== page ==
Superbug Infections and AMR
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- Results of the first-ever, year-long surveillance of hospital-acquired infections (HAIs) in 120 ICUs across the country reveals that superbugs are scoring over medicines.
- Superbugs, were found in thousands of blood samples and urine samples, according to the newly formed Healthcare Associated Infection Surveillance-India.
What is a superbug?
- Superbugs are strains of bacteria, viruses, parasites and fungi that are resistant to most of the antibiotics and other medications commonly used to treat the infections they cause.
- The number of different antibiotics to which it can be resistant determines the degree of the superbug. Some are resistant to one or two, but others can be resistant to multiple drugs.
- In simple terms, a superbug is a microorganism that’s resistant to commonly used antibiotics.
- So, if a bug is resistant to every available antibiotic, it would be the superbug of all superbugs.
Several strains of bacterial superbugs exist and are in circulation in the population. The main strains include:
- Methicillin-resistant Staphylococcus aureus (MRSA)
- Carbapenem-resist Enterobacteriaceae (CRE)
- Vancomycin-resistant Enterococcus (VRE)
- Multidrug-resistant Acinetobacter
- E. coli H30-RX
What are antimicrobials?
- Antimicrobials – including antibiotics, antivirals, antifungals and antiparasitics – are medicines used to prevent and treat infections in humans, animals and plants.
What is antimicrobial resistance?
- AMR happens when microorganisms (such as bacteria, fungi, viruses, and parasites) change and are still able to grow, even when they are exposed to antimicrobial medicines that are meant to kill or limit their growth (such as antibiotics, antifungals, antivirals, antimalarials, and anthelmintics).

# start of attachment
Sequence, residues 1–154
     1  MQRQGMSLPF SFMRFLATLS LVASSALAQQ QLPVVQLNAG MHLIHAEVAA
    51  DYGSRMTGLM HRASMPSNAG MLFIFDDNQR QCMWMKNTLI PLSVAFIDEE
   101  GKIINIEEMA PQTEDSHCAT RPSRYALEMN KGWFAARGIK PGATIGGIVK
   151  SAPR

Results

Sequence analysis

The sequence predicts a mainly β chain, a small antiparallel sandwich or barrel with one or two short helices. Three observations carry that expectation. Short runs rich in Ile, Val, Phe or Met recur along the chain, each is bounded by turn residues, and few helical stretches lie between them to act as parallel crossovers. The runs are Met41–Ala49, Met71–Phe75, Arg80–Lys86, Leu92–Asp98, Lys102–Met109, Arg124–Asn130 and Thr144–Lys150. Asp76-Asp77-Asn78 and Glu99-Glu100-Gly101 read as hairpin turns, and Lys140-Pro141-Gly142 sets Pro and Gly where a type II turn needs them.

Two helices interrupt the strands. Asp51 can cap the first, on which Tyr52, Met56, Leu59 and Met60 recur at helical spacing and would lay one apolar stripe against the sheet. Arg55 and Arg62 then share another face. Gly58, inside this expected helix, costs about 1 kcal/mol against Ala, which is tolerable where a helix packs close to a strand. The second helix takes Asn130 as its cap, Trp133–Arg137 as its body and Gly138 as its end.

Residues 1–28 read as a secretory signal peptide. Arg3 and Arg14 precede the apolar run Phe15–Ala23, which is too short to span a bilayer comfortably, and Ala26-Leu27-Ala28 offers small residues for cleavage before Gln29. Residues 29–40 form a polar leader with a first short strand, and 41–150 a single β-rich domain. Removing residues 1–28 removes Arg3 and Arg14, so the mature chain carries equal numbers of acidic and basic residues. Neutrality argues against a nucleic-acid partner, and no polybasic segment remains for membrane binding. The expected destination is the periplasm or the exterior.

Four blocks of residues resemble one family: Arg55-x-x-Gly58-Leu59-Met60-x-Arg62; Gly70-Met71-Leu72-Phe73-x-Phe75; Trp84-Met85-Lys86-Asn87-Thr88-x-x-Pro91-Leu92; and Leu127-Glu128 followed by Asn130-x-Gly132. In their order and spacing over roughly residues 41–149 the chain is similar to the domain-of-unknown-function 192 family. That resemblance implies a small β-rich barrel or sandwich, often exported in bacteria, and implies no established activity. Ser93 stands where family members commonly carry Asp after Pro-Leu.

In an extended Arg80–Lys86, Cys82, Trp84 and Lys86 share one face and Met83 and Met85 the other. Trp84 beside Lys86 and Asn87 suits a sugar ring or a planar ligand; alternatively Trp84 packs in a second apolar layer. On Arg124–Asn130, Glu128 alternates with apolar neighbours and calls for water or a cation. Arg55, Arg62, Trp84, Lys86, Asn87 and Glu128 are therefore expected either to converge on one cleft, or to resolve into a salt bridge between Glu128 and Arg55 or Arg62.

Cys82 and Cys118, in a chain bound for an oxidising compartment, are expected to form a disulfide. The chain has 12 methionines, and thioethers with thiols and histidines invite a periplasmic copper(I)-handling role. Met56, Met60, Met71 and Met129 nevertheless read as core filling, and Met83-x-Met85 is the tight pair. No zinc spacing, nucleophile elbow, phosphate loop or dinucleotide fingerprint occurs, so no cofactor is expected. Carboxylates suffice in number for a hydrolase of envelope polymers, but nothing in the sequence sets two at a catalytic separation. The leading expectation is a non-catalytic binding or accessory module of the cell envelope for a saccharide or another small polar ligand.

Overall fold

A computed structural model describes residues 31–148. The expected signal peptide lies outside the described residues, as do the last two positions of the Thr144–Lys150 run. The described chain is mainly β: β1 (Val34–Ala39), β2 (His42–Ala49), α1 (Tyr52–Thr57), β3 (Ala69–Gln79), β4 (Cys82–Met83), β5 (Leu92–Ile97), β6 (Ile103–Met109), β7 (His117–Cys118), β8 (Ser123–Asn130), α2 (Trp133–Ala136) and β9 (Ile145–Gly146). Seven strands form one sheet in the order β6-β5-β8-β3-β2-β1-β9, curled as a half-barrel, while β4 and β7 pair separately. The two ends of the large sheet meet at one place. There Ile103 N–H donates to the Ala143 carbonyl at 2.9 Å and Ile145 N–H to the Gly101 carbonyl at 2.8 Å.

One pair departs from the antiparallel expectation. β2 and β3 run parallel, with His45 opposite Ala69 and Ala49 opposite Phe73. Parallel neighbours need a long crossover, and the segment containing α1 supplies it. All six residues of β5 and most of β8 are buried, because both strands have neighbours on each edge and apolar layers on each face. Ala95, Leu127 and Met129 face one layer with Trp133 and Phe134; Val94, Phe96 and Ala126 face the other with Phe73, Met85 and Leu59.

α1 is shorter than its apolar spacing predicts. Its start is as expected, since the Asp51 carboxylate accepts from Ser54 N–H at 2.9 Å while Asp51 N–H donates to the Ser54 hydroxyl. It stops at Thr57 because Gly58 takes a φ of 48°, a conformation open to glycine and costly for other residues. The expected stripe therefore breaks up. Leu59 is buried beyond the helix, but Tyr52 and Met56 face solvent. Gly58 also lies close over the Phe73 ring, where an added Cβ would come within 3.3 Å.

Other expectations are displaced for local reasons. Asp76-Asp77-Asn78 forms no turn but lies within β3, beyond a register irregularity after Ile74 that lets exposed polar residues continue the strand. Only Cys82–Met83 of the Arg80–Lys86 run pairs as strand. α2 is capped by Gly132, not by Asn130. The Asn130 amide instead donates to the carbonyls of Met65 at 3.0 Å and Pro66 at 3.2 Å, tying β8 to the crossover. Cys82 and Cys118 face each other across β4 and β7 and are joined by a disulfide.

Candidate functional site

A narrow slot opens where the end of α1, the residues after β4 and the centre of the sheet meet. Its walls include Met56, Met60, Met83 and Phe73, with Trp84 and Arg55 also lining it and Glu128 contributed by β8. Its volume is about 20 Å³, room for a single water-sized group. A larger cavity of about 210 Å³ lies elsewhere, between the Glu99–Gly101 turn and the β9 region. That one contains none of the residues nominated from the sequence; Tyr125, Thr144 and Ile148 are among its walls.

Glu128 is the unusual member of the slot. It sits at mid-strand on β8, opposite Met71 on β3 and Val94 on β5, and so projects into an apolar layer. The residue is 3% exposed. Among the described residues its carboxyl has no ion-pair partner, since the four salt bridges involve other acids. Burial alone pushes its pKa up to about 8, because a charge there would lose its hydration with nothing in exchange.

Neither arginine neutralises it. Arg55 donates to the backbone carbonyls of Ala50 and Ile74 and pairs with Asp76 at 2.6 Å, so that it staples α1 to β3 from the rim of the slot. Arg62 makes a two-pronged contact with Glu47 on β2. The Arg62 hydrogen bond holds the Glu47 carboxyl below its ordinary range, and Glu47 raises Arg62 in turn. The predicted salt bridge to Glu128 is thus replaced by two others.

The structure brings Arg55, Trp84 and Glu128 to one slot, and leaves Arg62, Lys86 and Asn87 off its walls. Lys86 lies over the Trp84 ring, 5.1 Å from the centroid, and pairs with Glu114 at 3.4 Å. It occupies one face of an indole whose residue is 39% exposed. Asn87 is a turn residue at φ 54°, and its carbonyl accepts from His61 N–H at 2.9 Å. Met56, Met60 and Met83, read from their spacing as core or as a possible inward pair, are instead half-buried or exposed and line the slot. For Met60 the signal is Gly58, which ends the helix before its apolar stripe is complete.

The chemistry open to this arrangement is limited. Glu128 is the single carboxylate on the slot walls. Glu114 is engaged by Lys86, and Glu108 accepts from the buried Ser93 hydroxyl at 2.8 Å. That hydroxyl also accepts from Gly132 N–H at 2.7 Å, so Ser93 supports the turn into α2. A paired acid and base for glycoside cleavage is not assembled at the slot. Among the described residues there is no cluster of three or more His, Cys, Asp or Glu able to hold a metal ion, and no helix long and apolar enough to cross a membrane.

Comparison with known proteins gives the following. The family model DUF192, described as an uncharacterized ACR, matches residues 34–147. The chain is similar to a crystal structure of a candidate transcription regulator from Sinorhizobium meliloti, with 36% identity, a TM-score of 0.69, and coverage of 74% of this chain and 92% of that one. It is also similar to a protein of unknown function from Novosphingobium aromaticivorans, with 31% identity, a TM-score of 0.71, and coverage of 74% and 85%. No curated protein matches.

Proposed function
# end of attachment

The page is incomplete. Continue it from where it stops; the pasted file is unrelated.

- As a result, the medicines become ineffective and infections persist in the body, increasing the risk of spread to others.
Impact of AMR
- India is one of the largest consumers of antibiotics in the world.
- Antibiotic use in India has risen sharply, with about a 30% increase in their per capita use during the past decade, according to the State of the World’s Antibiotics 2021 report.
- 5 lakh people die annually due to AMR worldwide.
Findings of the recent Global Research on Antimicrobial Resistance (GRAM) Report
- 10-fold: Variation between countries in total antibiotic consumption rates, ranging from as low as 5 DDD to 45.9 DDD per 1000 population per day.
- 46% up: Between 2000 and 2018, global antibiotic consumption rates increased from 9.8 to 14.3 DDD per 1000 population per day).
- 76%: Increase observed between 2000 and 2018 in low- and middle-income countries (from 7.4 to 13.1 DDD per 1000 per day). In high-income countries, consumption rates remained stable.
- 116%: Increase in antibiotic consumption rates in South Asia. The second largest increase was in the North Africa and Middle East region (111%).
Factors leading to AMR
- The main drivers of antimicrobial resistance include the
- Misuse and overuse of antimicrobials;
- Lack of access to clean water,
- Sanitation and hygiene (wash) for both humans and animals;
- Poor infection and disease prevention and control in health-care facilities and farms;